When combined with sophisticated chatbots, the results are even more uncanny. (New Yorker $)+ This four-legged robot is equally comfortable on two legs. (IEEE Spectrum)

10 It’s virtually impossible to compete with Google Search
But a group of former Googlers are having a go. (The Verge)

Quote of the day

“At this time of day you only see tourists in the square. Everyone else is indoors.”

—Panagiotis Vahaviolos, a restaurant owner in Mystras, Greece, despairs at the intense heat wave savaging the country, he tells the Guardian.

The big story

The gig workers fighting back against the algorithms

April 2022

In the Bendungan Hilir neighborhood, just a stone’s throw from Jakarta’s glitzy business district, motorcycle drivers gather in an informal “base camp.” They are drivers with Gojek, Indonesia’s largest ride-hailing firm. They’re also part of the backbone of a growing movement of resistance against the dispatch algorithms that dominate their lives.

Base camps grew out of a tradition that existed before algorithmic ride-hailing services came to Indonesia. They’re the network through which drivers around the city stay in tight communication.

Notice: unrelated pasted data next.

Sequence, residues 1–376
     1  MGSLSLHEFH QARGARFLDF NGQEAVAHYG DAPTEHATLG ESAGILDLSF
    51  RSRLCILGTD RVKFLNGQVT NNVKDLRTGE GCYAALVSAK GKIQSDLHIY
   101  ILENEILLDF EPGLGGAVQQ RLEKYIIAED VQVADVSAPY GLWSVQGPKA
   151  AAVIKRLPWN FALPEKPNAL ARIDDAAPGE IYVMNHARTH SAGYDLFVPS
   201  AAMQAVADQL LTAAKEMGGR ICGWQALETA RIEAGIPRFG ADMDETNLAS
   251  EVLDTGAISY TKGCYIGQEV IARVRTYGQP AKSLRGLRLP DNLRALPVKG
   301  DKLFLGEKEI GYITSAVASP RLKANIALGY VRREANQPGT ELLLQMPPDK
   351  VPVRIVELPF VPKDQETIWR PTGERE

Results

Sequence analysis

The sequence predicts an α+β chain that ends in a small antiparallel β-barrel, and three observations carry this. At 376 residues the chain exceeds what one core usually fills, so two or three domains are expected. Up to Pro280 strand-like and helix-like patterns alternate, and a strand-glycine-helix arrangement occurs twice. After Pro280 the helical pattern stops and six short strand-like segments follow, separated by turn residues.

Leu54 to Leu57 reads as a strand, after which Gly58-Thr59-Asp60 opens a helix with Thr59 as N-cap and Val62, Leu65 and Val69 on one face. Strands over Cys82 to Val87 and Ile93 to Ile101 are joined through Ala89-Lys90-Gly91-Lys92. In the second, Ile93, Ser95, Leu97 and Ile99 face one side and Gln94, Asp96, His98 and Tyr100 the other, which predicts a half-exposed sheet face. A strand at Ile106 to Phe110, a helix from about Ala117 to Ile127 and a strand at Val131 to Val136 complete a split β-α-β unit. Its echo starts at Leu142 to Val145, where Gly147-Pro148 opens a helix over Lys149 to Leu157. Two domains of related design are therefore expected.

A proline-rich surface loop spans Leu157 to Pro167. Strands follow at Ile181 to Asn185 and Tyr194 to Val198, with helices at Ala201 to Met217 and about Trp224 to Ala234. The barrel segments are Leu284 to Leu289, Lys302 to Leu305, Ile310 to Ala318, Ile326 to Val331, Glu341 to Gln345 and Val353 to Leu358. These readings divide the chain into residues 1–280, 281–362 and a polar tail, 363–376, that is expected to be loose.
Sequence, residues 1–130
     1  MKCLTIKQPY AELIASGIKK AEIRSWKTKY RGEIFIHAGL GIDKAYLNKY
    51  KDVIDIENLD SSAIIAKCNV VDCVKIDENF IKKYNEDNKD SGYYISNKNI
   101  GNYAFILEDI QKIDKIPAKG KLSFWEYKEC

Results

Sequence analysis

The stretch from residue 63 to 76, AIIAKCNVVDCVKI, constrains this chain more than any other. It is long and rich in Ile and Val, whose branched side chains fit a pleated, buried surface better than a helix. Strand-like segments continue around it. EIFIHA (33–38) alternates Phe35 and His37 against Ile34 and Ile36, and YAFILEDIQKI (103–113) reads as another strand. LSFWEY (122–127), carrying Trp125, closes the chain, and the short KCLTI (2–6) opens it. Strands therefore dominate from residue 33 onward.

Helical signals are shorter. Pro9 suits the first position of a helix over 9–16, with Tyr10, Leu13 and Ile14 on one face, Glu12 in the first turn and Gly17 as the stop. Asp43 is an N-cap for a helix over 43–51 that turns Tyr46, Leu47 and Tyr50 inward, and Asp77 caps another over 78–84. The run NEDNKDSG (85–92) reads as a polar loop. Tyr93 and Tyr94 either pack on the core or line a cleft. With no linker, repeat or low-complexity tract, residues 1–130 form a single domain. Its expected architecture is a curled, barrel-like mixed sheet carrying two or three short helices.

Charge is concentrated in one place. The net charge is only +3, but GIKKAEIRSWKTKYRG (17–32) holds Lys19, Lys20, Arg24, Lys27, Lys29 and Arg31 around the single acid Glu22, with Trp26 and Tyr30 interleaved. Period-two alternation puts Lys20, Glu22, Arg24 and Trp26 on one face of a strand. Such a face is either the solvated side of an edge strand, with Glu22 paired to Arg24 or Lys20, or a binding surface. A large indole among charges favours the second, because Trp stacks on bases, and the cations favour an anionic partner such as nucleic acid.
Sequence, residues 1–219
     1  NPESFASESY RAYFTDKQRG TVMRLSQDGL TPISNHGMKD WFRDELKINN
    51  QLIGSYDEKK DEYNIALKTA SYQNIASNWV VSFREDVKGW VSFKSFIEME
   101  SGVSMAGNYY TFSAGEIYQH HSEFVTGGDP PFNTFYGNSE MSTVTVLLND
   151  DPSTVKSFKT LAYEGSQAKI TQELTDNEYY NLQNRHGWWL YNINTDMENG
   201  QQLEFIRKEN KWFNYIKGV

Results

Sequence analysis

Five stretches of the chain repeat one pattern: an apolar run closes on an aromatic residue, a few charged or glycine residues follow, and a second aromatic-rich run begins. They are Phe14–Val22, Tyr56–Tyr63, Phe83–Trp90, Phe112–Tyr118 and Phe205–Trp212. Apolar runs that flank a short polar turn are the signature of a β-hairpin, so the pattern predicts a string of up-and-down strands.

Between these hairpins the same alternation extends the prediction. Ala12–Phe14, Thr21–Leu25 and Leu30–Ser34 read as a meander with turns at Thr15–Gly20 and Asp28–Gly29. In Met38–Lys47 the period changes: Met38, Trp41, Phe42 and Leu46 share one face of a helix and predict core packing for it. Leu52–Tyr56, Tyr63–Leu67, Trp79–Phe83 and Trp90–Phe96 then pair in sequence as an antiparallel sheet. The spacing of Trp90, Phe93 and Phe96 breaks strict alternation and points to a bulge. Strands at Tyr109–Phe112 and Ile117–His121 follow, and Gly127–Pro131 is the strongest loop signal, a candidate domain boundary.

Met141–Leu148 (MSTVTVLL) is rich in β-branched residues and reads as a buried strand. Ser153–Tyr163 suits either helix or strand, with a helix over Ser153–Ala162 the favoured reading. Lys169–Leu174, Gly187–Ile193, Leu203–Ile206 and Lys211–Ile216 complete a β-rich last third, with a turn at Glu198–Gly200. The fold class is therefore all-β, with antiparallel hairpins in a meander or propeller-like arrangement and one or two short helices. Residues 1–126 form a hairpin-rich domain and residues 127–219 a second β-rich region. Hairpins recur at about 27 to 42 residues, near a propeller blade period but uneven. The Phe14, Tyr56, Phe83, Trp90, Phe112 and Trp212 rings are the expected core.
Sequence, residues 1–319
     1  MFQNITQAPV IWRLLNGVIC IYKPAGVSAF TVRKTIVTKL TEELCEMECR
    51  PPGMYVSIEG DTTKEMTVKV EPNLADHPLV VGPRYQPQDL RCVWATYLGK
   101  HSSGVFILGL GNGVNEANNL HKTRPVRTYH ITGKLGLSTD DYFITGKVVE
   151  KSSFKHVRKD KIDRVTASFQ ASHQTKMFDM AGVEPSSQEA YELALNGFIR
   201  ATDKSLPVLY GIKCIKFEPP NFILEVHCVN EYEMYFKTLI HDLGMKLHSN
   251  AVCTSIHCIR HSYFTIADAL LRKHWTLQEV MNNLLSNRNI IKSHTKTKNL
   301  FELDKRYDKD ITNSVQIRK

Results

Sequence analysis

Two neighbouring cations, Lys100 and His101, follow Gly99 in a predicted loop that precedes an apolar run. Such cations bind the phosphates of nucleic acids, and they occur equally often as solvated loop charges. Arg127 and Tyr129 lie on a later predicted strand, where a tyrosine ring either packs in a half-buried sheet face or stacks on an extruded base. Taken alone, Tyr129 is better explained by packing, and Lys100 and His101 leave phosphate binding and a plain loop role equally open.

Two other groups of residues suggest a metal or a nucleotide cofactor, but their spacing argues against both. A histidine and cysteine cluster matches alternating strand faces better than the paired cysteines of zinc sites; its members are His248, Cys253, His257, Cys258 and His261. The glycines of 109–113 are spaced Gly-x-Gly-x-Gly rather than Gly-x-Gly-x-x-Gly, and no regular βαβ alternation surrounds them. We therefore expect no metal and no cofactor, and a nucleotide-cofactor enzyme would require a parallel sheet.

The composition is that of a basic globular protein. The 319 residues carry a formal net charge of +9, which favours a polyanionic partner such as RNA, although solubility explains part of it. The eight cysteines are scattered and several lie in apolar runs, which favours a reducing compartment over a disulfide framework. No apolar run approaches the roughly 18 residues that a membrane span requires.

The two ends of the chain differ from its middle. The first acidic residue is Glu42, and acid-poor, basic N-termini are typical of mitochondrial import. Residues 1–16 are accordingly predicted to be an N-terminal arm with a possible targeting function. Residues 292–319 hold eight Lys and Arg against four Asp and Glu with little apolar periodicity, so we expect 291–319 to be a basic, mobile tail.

This sense of community is now at the heart of what distinguishes Jakarta’s drivers from other gig workers around the world, and could reveal a new playbook for resistance: a way for workers to build collective power, achieve a measure of security, and take care of one another when seemingly no one else will. Read the full story.

—Karen Hao & Nadine Freischlad

We can still have nice things

A place for comfort, fun and distraction in these weird times. (Got any ideas? Drop me a line or tweet ’em at me.)

+ Uni the charismatic cat sure loves squishing into boxes.
+ Why are we so gripped by near-death experiences?
+ If you’re ever passing through Kings Cross St Pancras station in London, you might be lucky enough to stumble across this kind of impressive duet.
+ The internet can be cruel, especially if you’re called Karen.
+ This is cool: Michelangelo was fond of using male models to depict his female subjects.